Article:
Iran Human RightsIran’s New Judiciary Chief Is Human Rights Abuser

Iran’s New Judiciary Chief Is Human Rights Abuser

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Former Iranian intelligence and security minister Gholam Hossein Mohseni Ejei was named the new judiciary head by Supreme Leader Ali Khamenei on Thursday, following Ebrahim Raisi’s promotion to the president last month.

Ejei, who was also once prosecutor-general, has been blacklisted by the US and the European Union due to human rights abuses, including the persecution of protesters, and is now taking over a judiciary with the world record for the number of executions.

In 2017, Ejei, who has been involved in the regime since the very beginning, told a journalist that he was okay with the execution of “corrupters, terrorists and those who disrupt the security of the people”, although it should be noted that these categories are often used to describe dissidents and minorities. This is a blatant acknowledgment that brutal punishments, like hanging, crucifying, and lashing, are commonplace under the mullahs and he doesn’t much care.

The previous year, Ejei defended the state-sponsored massacre of demonstrators in 2009, following the protests over a rigged election.

He said: “No one should try to defend the criminals of the 2009 sedition, the seditionists were criminals, they are criminals and those who were punished deserved it. Those who are still on the run, if the establishment finds them, they will be punished.”

In 2010, the US Treasury blacklisted Ejei and several other officials “responsible for or complicit in serious human rights abuses” and “who share responsibility for the sustained and severe violation of human rights in Iran since June 2009 disputed presidential election”.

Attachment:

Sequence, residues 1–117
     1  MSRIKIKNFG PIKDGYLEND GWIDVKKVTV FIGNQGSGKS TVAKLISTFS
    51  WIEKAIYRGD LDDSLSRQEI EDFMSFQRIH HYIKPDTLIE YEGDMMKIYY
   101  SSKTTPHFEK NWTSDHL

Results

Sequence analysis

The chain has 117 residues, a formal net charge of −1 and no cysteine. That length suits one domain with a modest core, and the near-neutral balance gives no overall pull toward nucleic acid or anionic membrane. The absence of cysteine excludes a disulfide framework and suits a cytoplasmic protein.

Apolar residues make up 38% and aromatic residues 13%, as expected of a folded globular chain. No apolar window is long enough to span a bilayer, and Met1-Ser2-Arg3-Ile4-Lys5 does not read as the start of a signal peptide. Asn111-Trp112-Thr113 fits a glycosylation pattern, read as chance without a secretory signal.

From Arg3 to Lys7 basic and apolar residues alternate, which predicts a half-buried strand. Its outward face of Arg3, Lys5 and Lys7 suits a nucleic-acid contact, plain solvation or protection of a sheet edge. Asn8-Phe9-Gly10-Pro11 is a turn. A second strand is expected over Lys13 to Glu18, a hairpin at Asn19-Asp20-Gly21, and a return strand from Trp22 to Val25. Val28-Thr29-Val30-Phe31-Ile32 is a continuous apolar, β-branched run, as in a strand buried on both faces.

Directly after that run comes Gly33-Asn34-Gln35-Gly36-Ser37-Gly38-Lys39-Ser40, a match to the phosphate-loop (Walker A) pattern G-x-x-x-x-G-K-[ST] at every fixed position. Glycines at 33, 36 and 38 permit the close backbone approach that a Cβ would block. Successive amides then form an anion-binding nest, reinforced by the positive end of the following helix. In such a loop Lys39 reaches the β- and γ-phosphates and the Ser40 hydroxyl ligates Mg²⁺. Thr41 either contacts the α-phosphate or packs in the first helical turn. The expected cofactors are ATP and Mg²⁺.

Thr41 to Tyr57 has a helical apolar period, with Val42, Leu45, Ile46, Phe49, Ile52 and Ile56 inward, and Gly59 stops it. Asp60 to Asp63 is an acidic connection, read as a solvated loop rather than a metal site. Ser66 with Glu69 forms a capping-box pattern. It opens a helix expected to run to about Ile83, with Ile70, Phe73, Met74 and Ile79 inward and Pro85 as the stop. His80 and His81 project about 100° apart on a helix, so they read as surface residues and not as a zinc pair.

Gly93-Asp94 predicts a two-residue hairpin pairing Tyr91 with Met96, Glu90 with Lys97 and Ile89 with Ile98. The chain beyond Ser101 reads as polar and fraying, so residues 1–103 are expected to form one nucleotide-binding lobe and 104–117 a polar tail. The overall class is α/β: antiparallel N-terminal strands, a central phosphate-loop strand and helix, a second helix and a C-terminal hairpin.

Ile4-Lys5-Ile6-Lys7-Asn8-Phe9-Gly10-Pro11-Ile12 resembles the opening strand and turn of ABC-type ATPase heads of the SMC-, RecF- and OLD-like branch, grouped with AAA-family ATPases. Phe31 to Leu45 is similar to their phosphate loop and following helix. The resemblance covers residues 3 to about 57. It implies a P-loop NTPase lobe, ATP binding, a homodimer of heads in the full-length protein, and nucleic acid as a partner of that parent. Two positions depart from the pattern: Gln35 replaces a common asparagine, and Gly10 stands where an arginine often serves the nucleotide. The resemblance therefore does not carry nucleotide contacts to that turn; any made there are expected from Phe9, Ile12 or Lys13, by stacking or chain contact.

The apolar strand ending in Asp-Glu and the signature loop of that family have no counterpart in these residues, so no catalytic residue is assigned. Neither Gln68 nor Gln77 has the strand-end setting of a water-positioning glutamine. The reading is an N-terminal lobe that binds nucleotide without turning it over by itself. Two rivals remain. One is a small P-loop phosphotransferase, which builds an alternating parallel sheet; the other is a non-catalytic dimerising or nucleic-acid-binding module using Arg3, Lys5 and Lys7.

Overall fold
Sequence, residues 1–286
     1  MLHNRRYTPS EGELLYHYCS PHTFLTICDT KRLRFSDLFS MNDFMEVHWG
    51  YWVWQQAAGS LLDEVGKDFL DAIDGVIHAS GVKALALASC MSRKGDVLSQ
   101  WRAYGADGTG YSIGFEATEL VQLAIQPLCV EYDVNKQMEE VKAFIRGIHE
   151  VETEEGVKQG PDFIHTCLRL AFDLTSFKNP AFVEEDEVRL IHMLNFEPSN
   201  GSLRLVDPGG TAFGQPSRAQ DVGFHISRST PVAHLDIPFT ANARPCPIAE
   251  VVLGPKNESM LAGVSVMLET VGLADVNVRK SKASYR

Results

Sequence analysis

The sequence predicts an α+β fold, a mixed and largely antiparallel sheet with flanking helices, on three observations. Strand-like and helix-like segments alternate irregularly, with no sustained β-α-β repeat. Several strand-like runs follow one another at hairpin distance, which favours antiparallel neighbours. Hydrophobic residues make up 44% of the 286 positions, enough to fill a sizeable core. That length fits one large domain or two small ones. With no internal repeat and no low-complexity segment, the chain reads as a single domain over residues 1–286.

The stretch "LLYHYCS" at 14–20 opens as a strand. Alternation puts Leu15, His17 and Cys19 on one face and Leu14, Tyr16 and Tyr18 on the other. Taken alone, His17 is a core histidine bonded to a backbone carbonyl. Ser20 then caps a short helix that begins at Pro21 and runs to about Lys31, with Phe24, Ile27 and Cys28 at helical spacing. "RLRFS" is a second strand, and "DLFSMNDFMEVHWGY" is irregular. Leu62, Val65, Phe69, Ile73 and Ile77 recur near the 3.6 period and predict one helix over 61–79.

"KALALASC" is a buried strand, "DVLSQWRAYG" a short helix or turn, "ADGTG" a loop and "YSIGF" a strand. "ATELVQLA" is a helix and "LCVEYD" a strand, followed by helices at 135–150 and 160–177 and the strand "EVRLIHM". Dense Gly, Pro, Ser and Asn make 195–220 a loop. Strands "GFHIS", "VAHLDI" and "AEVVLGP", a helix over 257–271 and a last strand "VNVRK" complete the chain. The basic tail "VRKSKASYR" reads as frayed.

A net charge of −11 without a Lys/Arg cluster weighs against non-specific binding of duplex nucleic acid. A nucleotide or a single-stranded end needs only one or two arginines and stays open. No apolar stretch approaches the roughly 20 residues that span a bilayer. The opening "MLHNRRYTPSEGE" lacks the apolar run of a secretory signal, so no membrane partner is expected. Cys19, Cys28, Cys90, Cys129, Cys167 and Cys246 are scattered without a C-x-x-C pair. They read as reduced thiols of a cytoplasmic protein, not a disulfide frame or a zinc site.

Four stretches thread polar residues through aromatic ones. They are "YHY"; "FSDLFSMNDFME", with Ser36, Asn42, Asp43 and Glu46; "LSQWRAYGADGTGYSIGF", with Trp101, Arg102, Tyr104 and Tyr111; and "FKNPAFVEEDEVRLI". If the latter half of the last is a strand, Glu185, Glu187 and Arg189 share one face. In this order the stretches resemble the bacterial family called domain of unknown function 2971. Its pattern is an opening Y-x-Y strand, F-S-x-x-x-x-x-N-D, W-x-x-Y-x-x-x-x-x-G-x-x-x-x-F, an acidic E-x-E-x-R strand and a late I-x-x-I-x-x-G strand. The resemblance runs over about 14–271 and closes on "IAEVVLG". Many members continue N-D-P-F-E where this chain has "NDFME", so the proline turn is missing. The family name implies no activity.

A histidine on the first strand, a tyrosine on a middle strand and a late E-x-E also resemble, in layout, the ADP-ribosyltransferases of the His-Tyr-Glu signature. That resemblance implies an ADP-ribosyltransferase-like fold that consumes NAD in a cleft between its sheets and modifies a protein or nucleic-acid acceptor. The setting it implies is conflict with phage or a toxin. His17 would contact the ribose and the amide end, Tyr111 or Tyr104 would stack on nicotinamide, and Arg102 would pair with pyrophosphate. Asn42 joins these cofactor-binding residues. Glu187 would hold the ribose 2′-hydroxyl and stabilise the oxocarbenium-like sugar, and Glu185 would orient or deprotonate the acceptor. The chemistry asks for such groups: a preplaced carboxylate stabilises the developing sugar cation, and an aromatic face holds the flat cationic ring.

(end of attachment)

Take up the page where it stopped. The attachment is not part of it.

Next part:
The statement read: “As the Minister of Intelligence at the time of the June 2009 election, Mohseni Ejei has confirmed that he authorized confrontations with protesters and their arrests during his tenure as Minister of Intelligence. As a result, protesters were detained without formal charges brought against them, and during this detention, detainees were subjected to beatings, solitary confinement, and a denial of due process rights at the hands of intelligence officers under the direction of Mohseni Ejei.”

In 2011, the International Women’s Communication Organization awarded Ejei the International Bludgeon award for his contribution to the abuse of women. One specific example of this is the rape and murder of Iranian-Canadian journalist Zahra Kazemi in 2003, where Ejei and Raisi’s committee acquitted the main defendant Tehran prosecutor Saeed Mortazavi. Another example can be seen in his 2011 threat to women and girls who break hijab rules when he said that the judiciary supported the state security forces’ attacks on the women.

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